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    The reason to be paranoid about using brakes downhill is that the heat could build up to the point that it boils the brake fluid. Then you have compressible gas in the lines instead of incompressible liquid, and the pedal goes easily to the floor with little effect. Downshifting allows the engine to take most of the load of slowing you down while the brakes only have to deal with the details like following distance and tight curves, thus keeping them cooler and not likely to boil. The engine will speed up of course, which scares some people, but as long as it's below redline, it's okay.
    – AaronD
    Jun 3, 2015 at 23:05

3 Answers 3


I have experienced this and the first thing to check is the battery terminals for tightness. Open your hood, locate the battery and try to move the battery terminals. They should be tight and not move. Any movement is a sign of looseness which permits corrosion between the contacting surfaces. Get a wrench and tighten them.

The connector loosens up to the point where it may or may not contact the terminal properly and the engine dies. You stop to restart and of course the terminal has reseated and the car starts just fine.

I have experienced this with those awful side terminals that GM/Chevy seemed to love in the 90's (Don't know if they are still using them). Happened to me a few times on both a 95 Tahoe and a 2002 Express van.

And no, dont think your alternator can keep the car running. The battery supplies the alternator's armaturer with power for excitation. Without the battery, the alternator can not easily regulate itself which can cause damage. So either the alternator can't put out enough current or they shut down. And then your car dies.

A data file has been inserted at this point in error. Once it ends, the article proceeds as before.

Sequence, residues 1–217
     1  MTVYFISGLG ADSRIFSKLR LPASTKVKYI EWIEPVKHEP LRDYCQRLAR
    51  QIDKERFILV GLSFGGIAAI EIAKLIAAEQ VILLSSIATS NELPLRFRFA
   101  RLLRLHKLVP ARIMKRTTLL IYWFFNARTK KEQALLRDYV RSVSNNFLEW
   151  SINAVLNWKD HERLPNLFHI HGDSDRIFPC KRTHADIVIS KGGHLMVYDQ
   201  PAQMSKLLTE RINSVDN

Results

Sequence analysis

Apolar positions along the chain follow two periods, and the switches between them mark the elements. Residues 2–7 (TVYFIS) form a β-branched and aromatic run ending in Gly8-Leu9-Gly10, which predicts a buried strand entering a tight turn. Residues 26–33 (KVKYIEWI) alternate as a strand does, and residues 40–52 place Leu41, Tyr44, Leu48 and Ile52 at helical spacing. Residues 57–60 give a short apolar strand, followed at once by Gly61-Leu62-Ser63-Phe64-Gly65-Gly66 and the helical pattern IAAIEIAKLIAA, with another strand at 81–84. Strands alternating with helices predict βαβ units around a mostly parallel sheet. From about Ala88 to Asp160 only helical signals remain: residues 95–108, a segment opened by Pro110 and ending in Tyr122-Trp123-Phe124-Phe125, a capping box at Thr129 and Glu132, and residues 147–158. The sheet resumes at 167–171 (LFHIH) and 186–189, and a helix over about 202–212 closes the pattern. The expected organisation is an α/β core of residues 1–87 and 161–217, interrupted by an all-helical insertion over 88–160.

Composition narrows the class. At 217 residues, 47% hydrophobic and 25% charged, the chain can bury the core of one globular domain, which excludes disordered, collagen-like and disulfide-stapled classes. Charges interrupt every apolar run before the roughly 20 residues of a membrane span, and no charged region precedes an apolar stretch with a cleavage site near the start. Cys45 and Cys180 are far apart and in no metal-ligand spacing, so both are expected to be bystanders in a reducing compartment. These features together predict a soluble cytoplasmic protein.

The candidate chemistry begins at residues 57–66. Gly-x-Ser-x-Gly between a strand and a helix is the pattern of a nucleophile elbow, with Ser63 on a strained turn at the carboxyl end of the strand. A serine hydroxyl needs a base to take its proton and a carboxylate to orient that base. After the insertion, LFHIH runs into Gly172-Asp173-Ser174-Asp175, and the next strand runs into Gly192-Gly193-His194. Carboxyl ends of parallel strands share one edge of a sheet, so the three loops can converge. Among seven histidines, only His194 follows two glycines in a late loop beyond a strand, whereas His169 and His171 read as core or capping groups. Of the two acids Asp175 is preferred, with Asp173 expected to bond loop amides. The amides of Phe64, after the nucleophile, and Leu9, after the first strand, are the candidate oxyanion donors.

Just so you guys know I found that the problem was that a fuse in the Engine Under Hood Fuse Box was almost melted due to temperature and rusted, so it wasn't getting proper contact with the slot it was placed.

Here's a photo of the actual fuse box: http://s28.postimg.org/9sjr1w3nx/s_l1600.jpg The fuses I'm talking about are the ones placed in Park LPS and HORN. I have had many problems before with these fuses that made me not be able to see the background lights in the dashboard at night.

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    Yeah, I'm pretty sure it wasn't melted due to engine heat. Remember that time you connected your jumper cables reverse polarity? You're so lucky it wasn't worse.
    – Nick G
    Mar 2, 2016 at 19:12
  • I wasn't that lucky, two days after that I had to replace the alternator.
    – VaTo
    Mar 2, 2016 at 19:55
  • @NickG And you are right, it didn't have to do with the engine heat. The fuse was getting hot for some other reason that I still don't know.
    – VaTo
    Mar 2, 2016 at 21:51
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    That was the point of my comment....the reason was the reversed jumper cables. Usually this causes MAJOR wiring problems or even this - functionalfitnessva.com/wp-content/uploads/2015/10/…
    – Nick G
    Mar 2, 2016 at 21:58
  • @NickG no, Im saying the jumper gets hot all the time, when the car is running, the last time I wanted to change it because it looked old and burned and I couldn't even touched it. I usually get a new one every once in a while when the jumper is so melted, my mechanic told me I need to get a new fuse box and I still haven't bought it.
    – VaTo
    Mar 3, 2016 at 1:47

Dont know if it is related, but had a similar incidence after I replaced my old battery with a new one. My car suddenly turned off while slowing down near a roundabout. I looked through web and found this link. Check the reply by "Uncle Scotty". Followed the instructions and its all good until now for me. Hope this helps for you as well.

The reason is once the battery is replaced, the memory in ECM is erased. I guess when you connected the cables in wrong order the battery got disconnected and reset the ECM. Please go through rest of the replies on that page to know the reason behind it.

Hope this helps.